|The Lodge at North Bend State Park|
Held at North Bend State Park in Cairo, West Virginia, located about 42 miles east of Parkersburg, the weekend runs from Friday, September 16 through Sunday, September 18. To accommodate the 80 visitors who pre-registered, the park offers overnight options that include lodge rooms, cabins of various sizes and campsites in a wooded area replete with the state’s renowned rounded hills and cozy valleys.
Even before the three day event kicked off at 3 p.m. on Friday with a park tour by van, I managed to revisit the quaint village of Cairo, sited along the North Bend Rail Trail, which runs from Parkersburg to Clarksburg. Six years ago, I biked a 26-mile long section of the trail that started in Parkersburg, passed through two tunnels, one of the supposedly haunted, and ended in Cairo.
|Tall and Narrow Bank Building in Cairo|
The small village on the Hughes River is much as I remembered it – cozy, picturesque and full of friendly people. The tall and narrow bank building was still there as was the bike rental establishment, the old general store and three eateries, which included a bakery and Shemp’s, a restaurant and ice cream parlor run by a retired couple - Three Stooges fans from Philadelphia.
A little out of Cairo, I pulled onto a gravel road, drove past a white clapboard Methodist chapel from the late 1800s and headed for the Log House Homestead B & B. Charming is not the word to describe the two story log home built in the 1880s style with hand-hewn logs harvested on the property, Period furnishings, candlelit windows, polished wooden floors, exposed ceiling beams and stone fireplace are complimented by modern amenities like a Jacuzzi for two, a kitchenette with microwave and frig and central air and heat.
|Log House Homestead B $ B, Cairo, W. Va.|
The owner, Richard Hartley, built most of the log house himself while his wife, Martha, the author of two frontier and early American cookbooks, was scheduled to be one of the guest speakers later that evening, talking on the topic of “Foods on the Frontier Table in Western Virginia (1776 - 1860).
|An Upstairs Bedroom|
Throughout the afternoon attendees wandered into the Lodge, some of them displaying natural foods and nature- related books, various crafts and glossy photos of the natural world. Each item is sold under the honor system, meaning buyers were trusted to make payment of their purchase at the front desk or to the sellers themselves.
|Original founder, Edelene Wood addresses the audience|
One of the fascinating luminaries to attend the weekend was Edelene Wood of Parkersburg. She and her mother, Hazel, tried to make ends meet and help the family survive through the Great Depression by gathering wild food stuffs. A chance encounter with famed wild foods advocate, Euell Gibbons, then still unknown to the general population, spurred Edelene on to organize the first Nature Wonder Wild Foods Weekend in September of 1968.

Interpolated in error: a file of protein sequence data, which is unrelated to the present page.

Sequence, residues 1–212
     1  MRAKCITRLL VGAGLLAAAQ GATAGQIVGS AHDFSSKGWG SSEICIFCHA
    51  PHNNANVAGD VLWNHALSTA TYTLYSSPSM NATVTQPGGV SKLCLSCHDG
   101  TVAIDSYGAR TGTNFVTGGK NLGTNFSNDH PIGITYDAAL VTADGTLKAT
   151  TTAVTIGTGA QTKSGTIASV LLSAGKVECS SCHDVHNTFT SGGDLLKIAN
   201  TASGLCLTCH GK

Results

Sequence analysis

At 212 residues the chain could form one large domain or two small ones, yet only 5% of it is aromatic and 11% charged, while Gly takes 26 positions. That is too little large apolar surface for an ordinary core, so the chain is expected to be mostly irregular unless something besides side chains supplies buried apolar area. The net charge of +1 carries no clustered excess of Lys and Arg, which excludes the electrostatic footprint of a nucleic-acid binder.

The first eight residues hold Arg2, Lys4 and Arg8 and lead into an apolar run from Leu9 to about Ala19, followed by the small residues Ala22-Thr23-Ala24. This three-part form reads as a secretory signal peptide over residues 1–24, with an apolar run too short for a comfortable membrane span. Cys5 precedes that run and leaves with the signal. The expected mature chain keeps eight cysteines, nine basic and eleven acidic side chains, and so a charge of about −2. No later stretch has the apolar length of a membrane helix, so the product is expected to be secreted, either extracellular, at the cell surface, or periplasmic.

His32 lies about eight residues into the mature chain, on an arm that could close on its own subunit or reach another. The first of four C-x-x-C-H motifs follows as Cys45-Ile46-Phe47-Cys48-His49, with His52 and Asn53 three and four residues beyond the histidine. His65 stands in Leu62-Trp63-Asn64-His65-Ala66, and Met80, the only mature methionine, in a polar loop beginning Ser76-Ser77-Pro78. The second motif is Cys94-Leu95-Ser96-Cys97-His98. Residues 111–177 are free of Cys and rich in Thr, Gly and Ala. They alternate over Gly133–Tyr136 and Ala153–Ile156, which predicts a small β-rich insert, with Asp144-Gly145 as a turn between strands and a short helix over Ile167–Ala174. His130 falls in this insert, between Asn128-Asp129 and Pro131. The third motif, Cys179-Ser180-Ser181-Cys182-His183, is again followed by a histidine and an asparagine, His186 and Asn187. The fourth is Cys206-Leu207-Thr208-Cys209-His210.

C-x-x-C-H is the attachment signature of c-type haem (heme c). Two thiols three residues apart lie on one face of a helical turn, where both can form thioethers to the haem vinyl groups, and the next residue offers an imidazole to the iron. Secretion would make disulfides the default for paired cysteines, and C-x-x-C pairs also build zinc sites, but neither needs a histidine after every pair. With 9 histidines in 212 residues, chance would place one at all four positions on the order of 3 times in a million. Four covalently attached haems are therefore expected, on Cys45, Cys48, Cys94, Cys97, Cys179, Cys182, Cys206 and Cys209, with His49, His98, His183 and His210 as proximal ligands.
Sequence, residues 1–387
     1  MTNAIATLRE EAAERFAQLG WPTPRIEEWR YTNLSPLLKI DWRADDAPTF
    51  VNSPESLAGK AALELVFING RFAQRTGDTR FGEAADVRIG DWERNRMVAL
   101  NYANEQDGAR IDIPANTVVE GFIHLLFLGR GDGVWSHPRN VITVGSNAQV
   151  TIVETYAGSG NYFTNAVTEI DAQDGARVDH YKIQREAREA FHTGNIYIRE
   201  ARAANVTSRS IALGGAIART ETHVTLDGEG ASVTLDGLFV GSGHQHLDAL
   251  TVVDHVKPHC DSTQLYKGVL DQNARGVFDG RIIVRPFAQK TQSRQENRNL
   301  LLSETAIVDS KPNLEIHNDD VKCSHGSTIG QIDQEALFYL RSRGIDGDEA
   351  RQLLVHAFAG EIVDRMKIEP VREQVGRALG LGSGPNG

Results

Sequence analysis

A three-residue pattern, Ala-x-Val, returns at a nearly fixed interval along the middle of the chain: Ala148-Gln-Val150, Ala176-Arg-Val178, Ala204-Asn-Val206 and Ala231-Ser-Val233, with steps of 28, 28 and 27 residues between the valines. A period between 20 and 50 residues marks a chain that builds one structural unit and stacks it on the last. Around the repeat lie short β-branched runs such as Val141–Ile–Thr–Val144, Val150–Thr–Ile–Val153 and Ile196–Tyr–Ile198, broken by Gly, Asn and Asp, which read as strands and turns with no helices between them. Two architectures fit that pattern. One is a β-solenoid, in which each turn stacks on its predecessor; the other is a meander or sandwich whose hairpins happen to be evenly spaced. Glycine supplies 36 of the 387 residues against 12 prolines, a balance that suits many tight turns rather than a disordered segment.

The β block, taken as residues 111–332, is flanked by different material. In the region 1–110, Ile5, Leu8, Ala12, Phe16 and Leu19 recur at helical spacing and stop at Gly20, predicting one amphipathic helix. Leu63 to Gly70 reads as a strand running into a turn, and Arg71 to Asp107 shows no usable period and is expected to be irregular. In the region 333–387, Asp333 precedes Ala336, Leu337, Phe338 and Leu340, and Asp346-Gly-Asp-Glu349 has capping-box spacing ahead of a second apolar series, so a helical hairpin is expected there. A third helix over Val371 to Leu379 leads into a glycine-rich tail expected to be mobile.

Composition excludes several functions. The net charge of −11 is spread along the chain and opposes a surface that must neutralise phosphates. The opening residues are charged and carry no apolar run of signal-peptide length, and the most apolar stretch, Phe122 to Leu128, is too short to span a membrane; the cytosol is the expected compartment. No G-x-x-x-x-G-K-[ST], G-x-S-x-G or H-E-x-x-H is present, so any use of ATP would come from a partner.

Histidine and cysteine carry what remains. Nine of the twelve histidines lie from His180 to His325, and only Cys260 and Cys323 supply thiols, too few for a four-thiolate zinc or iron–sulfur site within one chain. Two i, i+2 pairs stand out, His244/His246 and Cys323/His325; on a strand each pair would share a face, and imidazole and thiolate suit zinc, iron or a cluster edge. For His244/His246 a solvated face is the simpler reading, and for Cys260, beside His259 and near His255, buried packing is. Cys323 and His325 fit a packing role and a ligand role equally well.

The spunky woman managed to get Euell Gibbons to be the weekend’s first keynote speaker, and the event has been held annually every September since. Over the years, Edelene has written several books on her favorite subject, recipes included. She also became president of the Natural Wild Foods Association, a title she still holds
Each year, at the event, prizes are awarded to the winners of the Hazel Wood Wild Food Cooking Contest , named in honor of one of the weekend founders.
Starting at 3 in the afternoon, some of the attendees jumped into vans and Jeeps for a tour of the 2,500-acre North Bend State Park, a park ranger or employee behind the wheel. Up and down the windy roads we went, taking in the beauty of the well maintained wooded area, the swimming pool, campgrounds and dam, which holds back the waters of a beautiful lake, stocked with bounteous fish I was told.
Following a massive buffet dinner at 6:30, everyone moved into a conference room to listen to chief judge, Bill Faust, discuss the ins and outs of the wild foods cooking contest and Martha and Richard Hartley, talk on Foods of the Frontier table in Western Virginia.
|Robert and martha Hartley Dressed in Period Clothing Speak on Early American Foods|
Glenn Roth from Akron, Ohio took first prize for his crayfish fritters, followed by Emanuel May from Raleigh, N. C. for his Alaskan salmon. Dana Babick of Vienna, Ohio won the prize for the best cake – a walnut cake with nasturtiums.
Following the announcement, attendees were invited to the lobby where a large buffet tale laden with the contest entries were available for tasting.
The following recipe won a previous year's prize for best Wild Foods Dessert:
Black Walnut Pie
2/3 cup sugar
1/2 cup butter, melted
1/2 tsp salt
1 cup dark corn syrup. Bake until filling is set and pastry nicely browned, about 50 minutes. Cool and serve.
1 cup black walnuts
1 9-ince pie crust
Preheat oven to 350 degrees F. Beat together sugar, butter, salt, corn syrup and eggs. Stir in walnuts and pour into pie crust.
|Foods Entered in Wild Foods Cooking Contest Available for Sampling|